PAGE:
A “post” mortem – Bob Lauver

I don’t think I’ve done this before.  I’m writing a second post about a
week that is over.  I usually wave goodbye to a work week and focus on
the next one, but this one could use a little more hyperbole.

First of all I’ve got to bask in Bill Caballero’s glory again.
After Friday’s performance I overheard George Vosburgh say to Bill as
he was shaking his hand, "I think that was one of the best ever"
referring to Bill’s solo in the 2nd movement of the Tchaikovsky 5.
That’s a pretty huge statement, knowing as I do that it goes
fantastically each and every time he does it.  But,  I agree…..it had
the element of total control begetting total freedom……the honest
sense that he was playing with it, like it was pure fun in
music-making.  It’s so exciting to be sitting next to that level of
artistry……I’m one lucky guy.  That being said, today it was BETTER
somehow.  I didn’t think that there was a possibility for improvement
on what he did Friday.  If my career depended upon me trying to be that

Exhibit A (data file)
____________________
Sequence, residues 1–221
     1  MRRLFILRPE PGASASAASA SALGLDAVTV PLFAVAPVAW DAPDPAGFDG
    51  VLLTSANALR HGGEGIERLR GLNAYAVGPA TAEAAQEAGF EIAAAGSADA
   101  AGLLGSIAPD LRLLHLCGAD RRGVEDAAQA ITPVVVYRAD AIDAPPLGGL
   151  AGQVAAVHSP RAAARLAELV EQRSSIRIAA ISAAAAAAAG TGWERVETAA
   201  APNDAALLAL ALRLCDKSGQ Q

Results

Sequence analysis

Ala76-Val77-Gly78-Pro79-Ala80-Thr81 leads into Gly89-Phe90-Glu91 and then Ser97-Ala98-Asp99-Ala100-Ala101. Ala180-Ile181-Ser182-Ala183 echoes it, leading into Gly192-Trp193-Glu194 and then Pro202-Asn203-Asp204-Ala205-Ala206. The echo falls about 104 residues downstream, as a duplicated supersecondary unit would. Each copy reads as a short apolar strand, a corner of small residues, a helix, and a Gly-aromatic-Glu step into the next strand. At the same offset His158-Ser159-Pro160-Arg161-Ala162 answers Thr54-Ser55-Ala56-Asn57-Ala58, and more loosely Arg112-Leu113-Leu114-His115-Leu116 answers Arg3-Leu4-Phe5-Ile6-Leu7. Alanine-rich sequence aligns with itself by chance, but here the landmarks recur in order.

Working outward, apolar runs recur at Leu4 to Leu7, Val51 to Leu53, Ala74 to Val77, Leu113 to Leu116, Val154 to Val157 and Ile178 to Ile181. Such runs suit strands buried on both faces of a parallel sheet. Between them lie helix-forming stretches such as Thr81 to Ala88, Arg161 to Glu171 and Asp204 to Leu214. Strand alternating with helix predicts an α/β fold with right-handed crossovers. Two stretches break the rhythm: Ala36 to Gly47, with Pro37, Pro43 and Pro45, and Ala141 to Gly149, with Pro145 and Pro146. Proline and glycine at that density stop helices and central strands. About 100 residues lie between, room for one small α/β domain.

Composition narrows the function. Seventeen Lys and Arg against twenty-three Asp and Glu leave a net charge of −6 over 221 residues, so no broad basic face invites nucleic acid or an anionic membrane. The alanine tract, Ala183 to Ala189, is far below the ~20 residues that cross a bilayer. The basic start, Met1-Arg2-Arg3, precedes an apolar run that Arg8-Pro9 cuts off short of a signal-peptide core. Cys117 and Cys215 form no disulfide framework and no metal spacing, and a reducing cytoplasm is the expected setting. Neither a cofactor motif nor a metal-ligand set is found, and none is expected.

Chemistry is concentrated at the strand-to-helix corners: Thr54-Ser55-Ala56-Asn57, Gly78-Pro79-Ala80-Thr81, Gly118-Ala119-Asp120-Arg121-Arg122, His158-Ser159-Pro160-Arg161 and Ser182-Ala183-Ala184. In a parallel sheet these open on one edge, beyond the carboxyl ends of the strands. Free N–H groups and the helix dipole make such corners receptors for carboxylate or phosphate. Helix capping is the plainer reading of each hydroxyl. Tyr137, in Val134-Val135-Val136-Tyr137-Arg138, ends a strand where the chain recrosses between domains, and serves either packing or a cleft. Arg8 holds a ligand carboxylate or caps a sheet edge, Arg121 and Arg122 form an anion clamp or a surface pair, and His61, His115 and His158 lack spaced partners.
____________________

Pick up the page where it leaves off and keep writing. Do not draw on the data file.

good, I’d just hang up my horn right now…….it’d be a waste of time
for me to try.

Now I run the risk of really stepping in it with what I’m about to
say.  I’m not a big fan of conductors in general.  I think that they
get way too much credit for doing way too little.  In a way I wish that
they had less effect on our performance, but they matter
somehow…….I just wish that there were more of them that had a
positive effect rather than a neutral or negative effect.  This week
was a prime example of a conductor using a huge arsenal of skills and
musicality to make the PSO sound great.  We have this inert potential
every week, I wonder what it is exactly that brought it out so
clearly.  It’s obvious that these performances were something special.
Rarely is there a spontaneous standing ovation for a world premier work
(Reza Vali’s "The Being of Love"), an outburst of applause after the
short pause before the final "Pomp and Circumstance" wind-up to Tchaik
5, and then a thunderous round of applause from the orchestra for the
conductor (Manfred Honeck) after the concert was over.  Honeck deserved
every bit of it.  Hopefully this post isn’t the jinx, the kiss of death
to the PSO’s relationship with the guy.  He’s terrific…….we deserve
him. 

One Response to “A “post” mortem – Bob Lauver”

  1. Bill Hamilton says:

    Well written and interesting post, Bob. It’s fun to hear your perspective and it increases my interest in the symphony.

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May 14